Training interpreters to handle real-life dilemmas
Many of our interpreters work in social services and care settings. Sometimes it does happen that they are the only witness to unsafe practices or intimidating behaviour.
Mr Kovacs is working very hard this morning. He’s holding tight to his Zimmer frame, edging first one foot forward and then the next. Every now and again he stops to take a deep breath. It’s a slow journey, but the physiotherapist isn’t impressed. There are no encouraging words, just brusque, rude instructions. When Mr Kovacs does his exercises, he is treated disrespectfully with no care for his comfort or dignity. His limbs are held roughly and manipulated in jerks and spasms.
You’ve been called in to interpret for Mr Kovacs in his physio assessment. You’ve not met him or the physio before, but after ten minutes, you think, ‘Something’s not right. This physiotherapist is out of line.’
Although he’s distressed himself, Mr Kovacs notices your concern over the care worker’s inappropriate behaviour with horror. He whispers a plea that you say nothing. Mr Kovacs is clearly in fear of the consequences. What do you do?
Promoting professional practice
Mr Kovacs’ story is a training scenario, one of several we use in Cintra professional development courses. Situations like this don’t crop up in every assignment, but experience shows us that not everyone works to the highest professional standards. We promote a professional code and offer our interpreters this sort of training because sometimes they are the only witness to unsafe practices or intimidating behaviour.
“In most situations, the interpreter’s role is to translate the exchange, not to comment or judge the interaction in any way”, explains Maria-Teresa Capone, our Professional Practice trainer, (pictured, left) “but when you see something that isn’t right, of course, you ask yourself all sorts of questions about what you should do for the best.
Being a whistle-blower isn’t a comfortable place to be
In this scenario, the interpreters will be wondering if the elderly patient is safe in the care of this health professional. Suddenly it’s not an ordinary working day: you’re facing a very challenging ethical dilemma. ‘Should I ignore the patient’s request and just raise the alarm, or should I mind my own business?’ Yes or no, how you respond will have serious consequences for everyone concerned.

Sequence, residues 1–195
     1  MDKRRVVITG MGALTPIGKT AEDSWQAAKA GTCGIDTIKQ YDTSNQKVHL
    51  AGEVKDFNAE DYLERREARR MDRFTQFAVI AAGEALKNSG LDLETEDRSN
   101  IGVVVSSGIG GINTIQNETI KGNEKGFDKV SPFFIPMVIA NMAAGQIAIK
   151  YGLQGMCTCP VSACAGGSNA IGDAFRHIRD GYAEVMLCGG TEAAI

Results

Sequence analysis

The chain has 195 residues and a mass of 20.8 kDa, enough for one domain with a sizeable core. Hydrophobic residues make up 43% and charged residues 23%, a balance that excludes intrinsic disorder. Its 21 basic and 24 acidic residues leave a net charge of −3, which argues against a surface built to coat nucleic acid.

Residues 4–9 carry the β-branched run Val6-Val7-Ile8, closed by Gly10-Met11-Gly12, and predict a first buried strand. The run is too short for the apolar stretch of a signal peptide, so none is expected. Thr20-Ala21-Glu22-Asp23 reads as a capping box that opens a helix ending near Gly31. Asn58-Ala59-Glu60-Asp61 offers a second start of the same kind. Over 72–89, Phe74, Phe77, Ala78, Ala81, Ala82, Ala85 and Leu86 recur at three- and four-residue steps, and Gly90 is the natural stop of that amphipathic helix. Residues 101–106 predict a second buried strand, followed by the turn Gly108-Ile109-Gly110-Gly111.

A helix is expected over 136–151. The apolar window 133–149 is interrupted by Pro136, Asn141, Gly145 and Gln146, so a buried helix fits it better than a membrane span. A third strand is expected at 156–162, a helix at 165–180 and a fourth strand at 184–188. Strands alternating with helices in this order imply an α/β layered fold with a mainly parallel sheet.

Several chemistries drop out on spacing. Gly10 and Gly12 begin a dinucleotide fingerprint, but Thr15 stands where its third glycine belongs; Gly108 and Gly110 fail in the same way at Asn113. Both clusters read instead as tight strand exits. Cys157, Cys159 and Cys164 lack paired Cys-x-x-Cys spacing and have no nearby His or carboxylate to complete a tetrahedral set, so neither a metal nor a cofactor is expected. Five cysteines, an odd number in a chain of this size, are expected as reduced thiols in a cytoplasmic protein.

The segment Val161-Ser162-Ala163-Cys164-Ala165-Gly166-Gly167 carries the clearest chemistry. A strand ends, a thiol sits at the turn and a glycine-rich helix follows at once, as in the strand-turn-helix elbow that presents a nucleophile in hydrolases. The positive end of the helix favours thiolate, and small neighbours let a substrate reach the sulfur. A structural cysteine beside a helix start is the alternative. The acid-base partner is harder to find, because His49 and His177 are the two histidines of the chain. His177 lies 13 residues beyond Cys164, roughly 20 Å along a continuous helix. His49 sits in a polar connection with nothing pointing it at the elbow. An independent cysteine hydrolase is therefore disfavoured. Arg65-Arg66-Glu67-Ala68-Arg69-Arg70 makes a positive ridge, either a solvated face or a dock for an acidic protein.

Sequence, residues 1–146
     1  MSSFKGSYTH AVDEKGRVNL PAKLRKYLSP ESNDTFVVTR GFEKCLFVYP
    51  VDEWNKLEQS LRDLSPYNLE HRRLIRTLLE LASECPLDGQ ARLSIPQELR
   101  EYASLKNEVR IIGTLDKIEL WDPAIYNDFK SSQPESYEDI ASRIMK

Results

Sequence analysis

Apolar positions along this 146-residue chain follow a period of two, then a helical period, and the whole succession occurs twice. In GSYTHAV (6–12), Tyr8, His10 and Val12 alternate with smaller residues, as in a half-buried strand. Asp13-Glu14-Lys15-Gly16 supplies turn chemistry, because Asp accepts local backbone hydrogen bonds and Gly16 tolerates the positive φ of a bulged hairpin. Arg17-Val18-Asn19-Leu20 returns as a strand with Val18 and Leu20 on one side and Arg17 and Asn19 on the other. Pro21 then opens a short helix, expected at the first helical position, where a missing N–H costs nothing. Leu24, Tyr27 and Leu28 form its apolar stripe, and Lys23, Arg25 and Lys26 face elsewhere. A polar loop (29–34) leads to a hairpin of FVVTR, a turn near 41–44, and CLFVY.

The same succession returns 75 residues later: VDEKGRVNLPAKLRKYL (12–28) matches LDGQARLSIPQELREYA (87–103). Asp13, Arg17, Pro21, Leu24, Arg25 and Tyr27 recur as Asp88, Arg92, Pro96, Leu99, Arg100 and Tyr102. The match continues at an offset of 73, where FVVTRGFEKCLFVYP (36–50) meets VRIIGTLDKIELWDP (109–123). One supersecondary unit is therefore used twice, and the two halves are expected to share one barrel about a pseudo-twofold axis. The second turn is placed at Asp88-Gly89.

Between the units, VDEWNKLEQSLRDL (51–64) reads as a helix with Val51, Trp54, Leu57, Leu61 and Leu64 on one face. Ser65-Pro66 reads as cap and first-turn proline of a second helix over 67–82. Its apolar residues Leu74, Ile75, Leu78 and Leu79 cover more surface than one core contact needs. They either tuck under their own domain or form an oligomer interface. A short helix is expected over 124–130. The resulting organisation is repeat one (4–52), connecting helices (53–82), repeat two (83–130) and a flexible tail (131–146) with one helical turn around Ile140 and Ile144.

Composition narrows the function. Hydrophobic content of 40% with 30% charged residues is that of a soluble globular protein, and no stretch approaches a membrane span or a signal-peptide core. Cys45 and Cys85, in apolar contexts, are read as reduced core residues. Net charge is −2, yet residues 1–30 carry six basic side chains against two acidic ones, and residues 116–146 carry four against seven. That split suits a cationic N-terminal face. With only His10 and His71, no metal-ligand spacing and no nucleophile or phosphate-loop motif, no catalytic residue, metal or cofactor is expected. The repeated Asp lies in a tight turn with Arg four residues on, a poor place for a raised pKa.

“And of course, adds Maria-Teresa, “you have to be quite a strong individual to challenge the actions of another professional. We all understand that being a whistle blower isn’t a comfortable place to be.”
“In this instance,” Maria-Teresa continues, “the interpreter’s position is quite a tricky one. If this involved a child, the interpreter’s obligations would be much clearer: they have a legal obligation to report any concerns immediately. Where safeguarding the elderly is concerned, however, the law is much more of a grey area.”
Cintra linguists are trained to consider wider ethical issues
Interpreters work alone, often in unfamiliar surroundings with no on-site support from colleagues. In our group training sessions, Cintra linguists take time out from the front line to understand the law, consider grey areas, and understand how their professional Code of Practice can help them make the best decision at the time. Maria-Teresa says: “Facing these sorts of ethical dilemmas in your day-to-day working life is obviously stressful and worrying. Our continuous professional development sessions give interpreters the opportunity to work out how to balance their professional obligations with their obligations as a citizen. It’s not easy, but it’s an important contribution to developing safe, responsible professional practices that work in the real world to balance everyone’s best interests.”
Contact us about training and continuous professional development for language professionals.
‘Mr Kovacs’ is posed by a model. photo: Mokra/ www.freeimages.com